/* ]]> */

Commonwealth Radiology Associates

Breast Imaging

Breast cancer affects one in every eight women in the United States

85-90% of breast cancers are due to genetic abnormalities that happen as a result of the aging process and the “wear and tear” of life in general. Screening tests, such as yearly mammograms, are given routinely to people who appear to be healthy and are not suspected of having breast cancer. Their purpose is to find breast cancer early, before any symptoms can develop and the cancer is usually easier to treat.


Digital Breast Tomosynthesis (also known as 3D mammography) was approved by the FDA in February 2011.

Tomosynthesis creates multiple images or “slices” that step through the breast tissue. This allows the radiologist to see greater detail and helps reduce the impact of overlapping breast tissue. The process is performed at the same time as a normal mammogram, on the same scanner, with no noticeable differences in the experience or time expended for the patient. This improvement in visualization can result in fewer patient callbacks and therefore less anxiety during the process. The radiation dose is below the FDA-regulated limit for 2D mammography and has been found by the FDA to be safe and effective for patient use.

If you are age 40 or older with no new breast concerns, you can schedule a 3D screening mammogram on your own, anytime. While a referral is not required, please talk to your physician or breast imaging provider if you’d like to add it to your mammogram.

Diagnostic Mammography

Diagnostic mammograms is an x-ray of the breast. They are taken because of abnormal results from a screening mammogram or after new clinical signs of a breast issue alerted by the patient or her/his doctor to investigate further.

Such clinical signs may include:

  • A lump
  • Breast pain
  • Nipple discharge
  • Thickening of skin on the breast
  • Changes in the size or shape of the breast

A diagnostic mammogram can help determine the cause of these symptoms and to evaluate the presence of breast cancer. Diagnostic mammograms can utilize the new techniques of 3D mammography to help aide in diagnosis.

Commonwealth Radiology Associates

Imaging Experts

Noninvasive Diagnostics   /   Patient Satisfaction

Breast Ultrasound

Breast ultrasound imaging is a non-invasive medical test that is used to evaluate and further diagnose areas of concern involving the breast. Ultrasound uses inaudible, high-frequency sound waves to produce pictures of the inside of the body and does not utilize ionized radiation. It is safe and painless.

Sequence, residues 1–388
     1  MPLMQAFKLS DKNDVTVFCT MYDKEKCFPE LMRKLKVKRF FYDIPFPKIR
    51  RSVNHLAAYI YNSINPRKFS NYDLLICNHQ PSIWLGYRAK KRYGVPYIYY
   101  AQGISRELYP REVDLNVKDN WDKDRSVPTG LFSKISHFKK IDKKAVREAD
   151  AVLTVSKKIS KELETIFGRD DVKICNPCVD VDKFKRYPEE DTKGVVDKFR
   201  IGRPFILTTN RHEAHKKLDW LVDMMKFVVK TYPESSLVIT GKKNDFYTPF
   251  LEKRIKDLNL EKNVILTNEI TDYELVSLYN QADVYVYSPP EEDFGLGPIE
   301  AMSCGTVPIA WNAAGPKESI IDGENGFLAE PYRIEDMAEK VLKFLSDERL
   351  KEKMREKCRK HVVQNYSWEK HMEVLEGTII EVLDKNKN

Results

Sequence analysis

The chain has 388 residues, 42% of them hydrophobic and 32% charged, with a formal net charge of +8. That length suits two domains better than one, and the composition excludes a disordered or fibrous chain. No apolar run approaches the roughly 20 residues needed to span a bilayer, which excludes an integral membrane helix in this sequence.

Breast ultrasound does not replace the need for mammography. Mammogram images are still needed to evaluate the entire breast.

Breast MRI

Breast Magnetic Resonance Imaging (MRI) uses a magnetic field, radiowaves and a computer to produce detailed pictures of the structures within the breast. It is used as a supplemental tool to mammography and/or ultrasound. Breast MRI does not use ionizing radiation (that is, x-rays), and when used in conjunction with screening and diagnostic mammography, can provide valuable information for the detection and characterization of breast disease.
MRI is beneficial for screening patients at particularly high risk for breast cancer due to genetic predisposition or strong family history, diagnosing breast implant rupture, staging breast cancer and planning treatment. MRI also plays an important role in post-surgical and post-radiation follow-up.

MRI screening guidelines for women in the following groups:

  • have a known BRCA1 or BRCA2 gene mutation
  • have a first-degree relative (mother, father, brother, sister, or child) with a BRCA1 or BRCA2 gene mutation, and have not had genetic testing themselves
  • have a lifetime risk of breast cancer of 20% or greater, according to risk assessment tools that are based on a family history that includes both her mother’s and father’s side
  • have a personal history of breast cancer, ductal carcinoma in situ (DCIS), lobular carcinoma in situ (LCIS), atypical ductal hyperplasia (ADH), or atypical lobular hyperplasia (ALH)
  • had radiation therapy to the chest when they were between the ages of 10 and 30 years
  • have a genetic disease such as Li-Fraumeni syndrome, Cowden syndrome, or Bannayan-Riley-Ruvalcaba syndrome, or have one of these syndromes in first-degree relatives

Women at moderately increased risk (15% to 20% lifetime risk) should talk with their physicians about the benefits and limitations of adding MRI screening in conjunction to their yearly mammogram. These patient groups include:

  • have a lifetime risk of breast cancer of 15% to 20%, according to risk assessment tools that are based on family history
  • have a personal history of breast cancer, ductal carcinoma in situ (DCIS), lobular carcinoma in situ (LCIS), atypical ductal hyperplasia (ADH), or atypical lobular hyperplasia (ALH)
  • have extremely dense breasts or unevenly dense breasts when viewed by mammograms

Yearly MRI screening is not recommended for women whose lifetime risk of breast cancer is less than 15%.

Several risk assessment tools are available to help health professionals estimate a woman’s risk. The results should be discussed between a woman and her physicians when they are used to recommend Breast MRI screening.

Needle Biopsy of the Breast

A breast biopsy is a test that removes tissue or fluid from a lump or abnormality detected by a physical breast examination and/or breast imaging. The removed tissue is examined under a microscope by a pathologist and is tested to check for the presence or absence of breast cancer. A biopsy is a diagnostic procedure that can determine if the suspicious area is benign or cancerous.

This procedure is performed by a radiologist using a small needle and image-guidance with ultrasound, MRI or mammography.

Needle biopsy is safe outpatient procedure and is minimally invasive.